Besides Compaj and the Provisional Detention Centre for Men (CDPM), managed by Umanizzare, the other prisons assessed were the Manaus Women's Penitentiary (PFM), administered by RH Multi Serviços Administrativos, and the Judge Raimundo Vidal Pessoa Public Prison (CPDRVP).

Another problem arising from outsourcing is the lack of adequate training of employees who have to work as prison staff. According to Catarina Pedroso, staff salaries on the date of the visit to the units under the management of Umanizzare in Manaus, including additional benefits, were approximately 1,700 reales (US$ 545 at the rates as of 9/2/17). "The prison staff were working under a double threat: that of being attacked by prisoners, even outside working hours, and that of losing their jobs, so there was a high staff turnover. Therefore there are conditions present which can lead to exacerbation of violence and torture within the prison environment."

“So conditions in the privatized prisons were very similar to those under state management, but are aggravated by the fact that the working conditions put employees at risk and promote violations of people’s rights,” she concluded.

In fact, in December 2016, prison staff hired by Umanizzare complained about low wages and poor working conditions. Elizeu Silva Pereira, president of the Union of Subcontracted Staff of the State Prison System of Amazonas (SATSPEAM), told the press that "for over 11 years subcontracting companies have been violating our labour rights."

The MNPCT published its report on visits to prisons in Manaus in January 2016. "As regards what we found in Compaj, we tried to explain how serious the situation was, and how deaths could occur imminently," explains Catarina Pedroso.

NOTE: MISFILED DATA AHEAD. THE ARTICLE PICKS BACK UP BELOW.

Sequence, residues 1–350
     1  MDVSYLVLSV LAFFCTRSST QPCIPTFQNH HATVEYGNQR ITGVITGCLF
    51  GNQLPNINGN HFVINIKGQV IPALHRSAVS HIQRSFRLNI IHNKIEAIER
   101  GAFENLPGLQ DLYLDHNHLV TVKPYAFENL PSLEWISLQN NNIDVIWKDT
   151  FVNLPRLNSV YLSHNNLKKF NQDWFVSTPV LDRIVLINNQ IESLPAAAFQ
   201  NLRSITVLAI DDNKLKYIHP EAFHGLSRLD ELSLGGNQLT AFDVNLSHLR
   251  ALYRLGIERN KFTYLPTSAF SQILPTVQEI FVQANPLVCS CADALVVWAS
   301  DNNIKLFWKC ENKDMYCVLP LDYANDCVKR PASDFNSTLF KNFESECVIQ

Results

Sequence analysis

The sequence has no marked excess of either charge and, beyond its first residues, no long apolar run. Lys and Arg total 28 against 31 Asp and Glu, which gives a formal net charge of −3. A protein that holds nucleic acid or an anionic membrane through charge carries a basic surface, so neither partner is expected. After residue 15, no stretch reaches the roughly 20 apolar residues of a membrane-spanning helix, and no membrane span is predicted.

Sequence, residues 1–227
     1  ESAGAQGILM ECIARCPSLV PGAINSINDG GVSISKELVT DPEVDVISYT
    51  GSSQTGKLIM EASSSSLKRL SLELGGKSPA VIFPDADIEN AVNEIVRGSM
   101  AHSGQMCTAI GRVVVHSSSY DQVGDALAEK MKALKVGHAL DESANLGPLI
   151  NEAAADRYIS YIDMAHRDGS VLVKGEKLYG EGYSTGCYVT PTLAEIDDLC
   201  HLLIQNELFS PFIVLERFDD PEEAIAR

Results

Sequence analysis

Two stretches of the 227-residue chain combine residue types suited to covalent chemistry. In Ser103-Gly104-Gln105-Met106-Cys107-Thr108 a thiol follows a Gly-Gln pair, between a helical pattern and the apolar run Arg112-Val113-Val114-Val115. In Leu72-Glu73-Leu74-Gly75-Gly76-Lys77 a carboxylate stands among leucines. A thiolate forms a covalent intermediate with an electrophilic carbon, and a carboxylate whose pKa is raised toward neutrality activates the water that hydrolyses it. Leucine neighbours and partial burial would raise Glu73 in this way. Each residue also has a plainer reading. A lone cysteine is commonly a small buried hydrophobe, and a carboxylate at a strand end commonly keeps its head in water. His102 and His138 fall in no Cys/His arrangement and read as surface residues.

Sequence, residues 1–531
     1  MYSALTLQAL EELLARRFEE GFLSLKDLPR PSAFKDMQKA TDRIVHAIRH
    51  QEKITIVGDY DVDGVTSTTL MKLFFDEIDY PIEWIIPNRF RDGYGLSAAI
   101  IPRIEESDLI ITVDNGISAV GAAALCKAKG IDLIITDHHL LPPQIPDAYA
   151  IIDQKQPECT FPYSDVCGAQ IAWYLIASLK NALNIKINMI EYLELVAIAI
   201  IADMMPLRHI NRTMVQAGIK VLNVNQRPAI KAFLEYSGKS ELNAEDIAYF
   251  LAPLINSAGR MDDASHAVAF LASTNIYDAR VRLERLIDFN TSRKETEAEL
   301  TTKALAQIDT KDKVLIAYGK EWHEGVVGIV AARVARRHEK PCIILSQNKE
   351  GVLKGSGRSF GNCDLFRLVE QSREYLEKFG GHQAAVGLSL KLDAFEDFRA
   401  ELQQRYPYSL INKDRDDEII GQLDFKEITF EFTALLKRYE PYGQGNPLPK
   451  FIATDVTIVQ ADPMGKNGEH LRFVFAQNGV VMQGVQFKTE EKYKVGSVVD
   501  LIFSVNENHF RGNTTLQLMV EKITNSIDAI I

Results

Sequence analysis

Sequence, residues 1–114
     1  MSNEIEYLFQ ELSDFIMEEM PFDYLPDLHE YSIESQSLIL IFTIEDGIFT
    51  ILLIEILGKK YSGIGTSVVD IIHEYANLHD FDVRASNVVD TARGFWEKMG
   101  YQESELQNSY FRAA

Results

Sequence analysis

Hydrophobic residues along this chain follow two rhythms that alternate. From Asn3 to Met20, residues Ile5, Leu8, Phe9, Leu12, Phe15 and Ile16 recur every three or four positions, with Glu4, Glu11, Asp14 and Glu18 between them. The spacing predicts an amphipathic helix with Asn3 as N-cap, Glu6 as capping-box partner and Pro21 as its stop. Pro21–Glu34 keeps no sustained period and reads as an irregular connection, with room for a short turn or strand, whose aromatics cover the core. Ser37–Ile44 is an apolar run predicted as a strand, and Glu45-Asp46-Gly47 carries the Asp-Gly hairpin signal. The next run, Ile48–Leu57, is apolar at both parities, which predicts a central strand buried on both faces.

Besides describing the situation and warnings about imminent deaths, the document indicates that "the State does not effectively exercise its primary function of legitimate monopoly of force and does not carry out effectively its task of supervising the enforcement of sentences ". Among the recommendations to the state government of Amazonas is the need to develop a plan to reduce the prison population. "However, we have not received any response from the Amazonas state government regarding these recommendations."


In a statement sent to the press with regard to the massacre at Compaj, Umanizzare said that it only provides cleaning services, social and legal assistance to prisoners, and electronic surveillance. The activities of control, discipline, the use of force, security and armed surveillance of inmates would be the responsibility of the government of the state of Amazonas. According to the Law on Sentence Enforcement, the State cannot delegate to private companies the functions that constitute policing power.